This article was written by 'Nova alumnus and VUHoops regular, Bob Natiello (aka "Squeaky Sneakers), and originally published by The Wharton Magazine on January 25. It it, Bob reminisces about his childhood experiences with the late Vince Lombardi and Joe Paterno, long before JoePa's incredible legacy was squandered by what some believe was a profound lapse of judgement and courage.
Chances are slimmer than slim you’ll recall the winner of the 1923 Kentucky Derby, an incredibly swift three-year-old named Zev. I know his name only because our high-school football coach, Earl Graham, earned that nickname while a speedy Fordham halfback in the mid-20s.
During the wartime years, Zev Graham was an outstanding three-sport coach at our high school, Brooklyn Prep. If there is any question about his ability to recognize athletic talent, consider his historical conversion of a senior interior lineman from guard to quarterback. Even then, the thought of moving a guard to the quarterback spot would have been laughed at, but Zev bucked convention. The result: an almost perfect 1944 season and the discovery of a brilliant star in the football firmament. The senior lineman? Joe Paterno.
Perhaps Zev wasn’t taking such a big risk, after all. Joe held the office of student council president, the de facto school leader at a time the nation was at war with Italy. The round-bellied little coach surely saw that any student who could win a major election despite an Italian last name must have held some special charisma among his peers.
Joe’s leadership skills were most noticeable to me on a cold Sunday afternoon in Englewood, NJ. As a 14-year-old freshman, I watched him devise on-field strategies against an unknown St. Cecilia’s head coach in a one-touchdown loss. I could never have imagined that the names of those two adversaries would forever be preceded by the word "legendary." The unknown coach? A very young Vince Lombardi.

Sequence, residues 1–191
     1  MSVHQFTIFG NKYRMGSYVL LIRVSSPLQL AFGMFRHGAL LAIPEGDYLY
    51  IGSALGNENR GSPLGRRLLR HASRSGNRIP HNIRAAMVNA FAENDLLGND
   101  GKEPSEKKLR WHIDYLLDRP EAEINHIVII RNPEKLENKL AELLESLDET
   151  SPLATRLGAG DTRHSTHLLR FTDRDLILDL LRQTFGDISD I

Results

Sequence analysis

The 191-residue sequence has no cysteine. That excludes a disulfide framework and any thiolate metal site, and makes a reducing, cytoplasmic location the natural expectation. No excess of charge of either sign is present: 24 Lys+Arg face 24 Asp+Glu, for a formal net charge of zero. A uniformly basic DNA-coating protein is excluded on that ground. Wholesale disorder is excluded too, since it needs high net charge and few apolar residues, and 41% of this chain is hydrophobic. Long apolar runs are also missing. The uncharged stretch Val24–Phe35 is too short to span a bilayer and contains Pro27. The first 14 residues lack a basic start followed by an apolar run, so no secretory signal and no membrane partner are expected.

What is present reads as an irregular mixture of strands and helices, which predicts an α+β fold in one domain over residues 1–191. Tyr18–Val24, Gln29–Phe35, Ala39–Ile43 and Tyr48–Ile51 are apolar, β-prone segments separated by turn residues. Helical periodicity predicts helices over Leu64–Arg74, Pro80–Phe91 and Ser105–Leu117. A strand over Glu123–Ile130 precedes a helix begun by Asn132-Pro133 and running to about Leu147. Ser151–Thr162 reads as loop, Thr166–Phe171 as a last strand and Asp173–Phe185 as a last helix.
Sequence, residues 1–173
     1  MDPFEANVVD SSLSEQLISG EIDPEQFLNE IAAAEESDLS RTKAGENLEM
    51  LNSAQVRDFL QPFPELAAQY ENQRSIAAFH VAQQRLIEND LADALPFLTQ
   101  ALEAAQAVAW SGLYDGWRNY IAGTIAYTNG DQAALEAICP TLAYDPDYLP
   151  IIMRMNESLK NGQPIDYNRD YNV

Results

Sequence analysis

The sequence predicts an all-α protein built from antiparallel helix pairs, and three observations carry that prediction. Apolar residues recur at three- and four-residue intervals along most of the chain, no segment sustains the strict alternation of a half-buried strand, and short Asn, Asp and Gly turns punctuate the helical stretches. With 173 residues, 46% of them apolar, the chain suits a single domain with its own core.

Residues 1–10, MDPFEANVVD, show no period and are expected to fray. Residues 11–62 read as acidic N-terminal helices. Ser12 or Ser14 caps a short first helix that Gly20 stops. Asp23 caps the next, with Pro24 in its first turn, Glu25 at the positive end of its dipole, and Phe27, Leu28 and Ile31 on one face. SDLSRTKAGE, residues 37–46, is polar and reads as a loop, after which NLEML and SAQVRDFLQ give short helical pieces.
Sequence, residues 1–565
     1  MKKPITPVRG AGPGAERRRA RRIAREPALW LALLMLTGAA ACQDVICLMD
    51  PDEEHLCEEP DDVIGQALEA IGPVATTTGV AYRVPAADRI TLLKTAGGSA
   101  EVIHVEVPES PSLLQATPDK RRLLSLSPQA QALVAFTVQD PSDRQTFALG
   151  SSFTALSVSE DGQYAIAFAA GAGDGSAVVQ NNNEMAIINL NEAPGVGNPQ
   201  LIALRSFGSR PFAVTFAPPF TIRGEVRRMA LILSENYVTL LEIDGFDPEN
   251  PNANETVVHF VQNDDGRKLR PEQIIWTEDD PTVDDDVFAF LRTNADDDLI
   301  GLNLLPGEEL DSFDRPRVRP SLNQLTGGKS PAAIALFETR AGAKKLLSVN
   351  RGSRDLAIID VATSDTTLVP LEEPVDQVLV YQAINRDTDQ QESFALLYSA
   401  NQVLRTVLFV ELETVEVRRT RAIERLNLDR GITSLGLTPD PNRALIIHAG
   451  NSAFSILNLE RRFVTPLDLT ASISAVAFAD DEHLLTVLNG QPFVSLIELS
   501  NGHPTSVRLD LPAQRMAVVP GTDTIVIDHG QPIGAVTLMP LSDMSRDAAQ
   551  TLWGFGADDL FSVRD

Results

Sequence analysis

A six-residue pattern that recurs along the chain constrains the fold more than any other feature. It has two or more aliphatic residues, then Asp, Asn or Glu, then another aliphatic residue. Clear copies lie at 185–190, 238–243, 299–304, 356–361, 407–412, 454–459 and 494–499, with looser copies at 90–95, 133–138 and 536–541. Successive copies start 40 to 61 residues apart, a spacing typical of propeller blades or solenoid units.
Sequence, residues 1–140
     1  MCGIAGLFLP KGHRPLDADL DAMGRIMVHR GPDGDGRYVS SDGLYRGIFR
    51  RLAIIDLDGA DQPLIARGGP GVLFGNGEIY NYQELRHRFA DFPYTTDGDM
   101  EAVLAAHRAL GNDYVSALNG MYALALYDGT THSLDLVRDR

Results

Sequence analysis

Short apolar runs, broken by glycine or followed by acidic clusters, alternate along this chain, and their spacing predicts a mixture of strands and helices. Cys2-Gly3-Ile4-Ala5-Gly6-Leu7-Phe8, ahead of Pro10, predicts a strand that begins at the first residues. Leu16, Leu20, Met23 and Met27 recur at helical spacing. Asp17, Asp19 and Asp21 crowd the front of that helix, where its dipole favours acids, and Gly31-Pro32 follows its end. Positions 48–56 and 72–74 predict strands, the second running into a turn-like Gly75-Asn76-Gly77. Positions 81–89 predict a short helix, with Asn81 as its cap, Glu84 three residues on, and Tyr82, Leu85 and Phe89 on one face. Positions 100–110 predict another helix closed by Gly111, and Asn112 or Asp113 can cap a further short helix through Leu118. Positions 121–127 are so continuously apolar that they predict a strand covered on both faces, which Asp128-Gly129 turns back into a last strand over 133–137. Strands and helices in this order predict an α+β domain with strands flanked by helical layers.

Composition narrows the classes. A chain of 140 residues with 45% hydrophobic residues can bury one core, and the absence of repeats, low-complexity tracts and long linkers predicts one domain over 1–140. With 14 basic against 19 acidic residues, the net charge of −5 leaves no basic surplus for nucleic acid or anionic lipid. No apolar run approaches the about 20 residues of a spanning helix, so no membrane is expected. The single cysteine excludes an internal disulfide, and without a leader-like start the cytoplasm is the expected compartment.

Four years later, while a college freshman, I served alongside Joe as a counselor at a Catskills boys’ camp. In successive summers, we competed against each other in basketball and softball and dated the same brunette counselor from the nearby girls’ camp.
The most important character observation I made about Joe in those camp years was this: He hated to lose. But when he did lose, he lost with dignity. That attitude supported him through his four years at Brown and on through the decades at Penn State.
The world of sports offers endless metaphors for business. Offices, factories and trading rooms overflow with references to "team effort," "winning the big game" and "a level playing field." But the most memorable sports metaphor I remember from my business career originated with Joe. It surfaced most often during late nights while rehearsing and re-rehearsing new business presentations. Longing to ditch the whole process, I’d keep myself going with Joe’s maxim: "It isn’t the will to win that brings victory, it’s the will to prepare to win."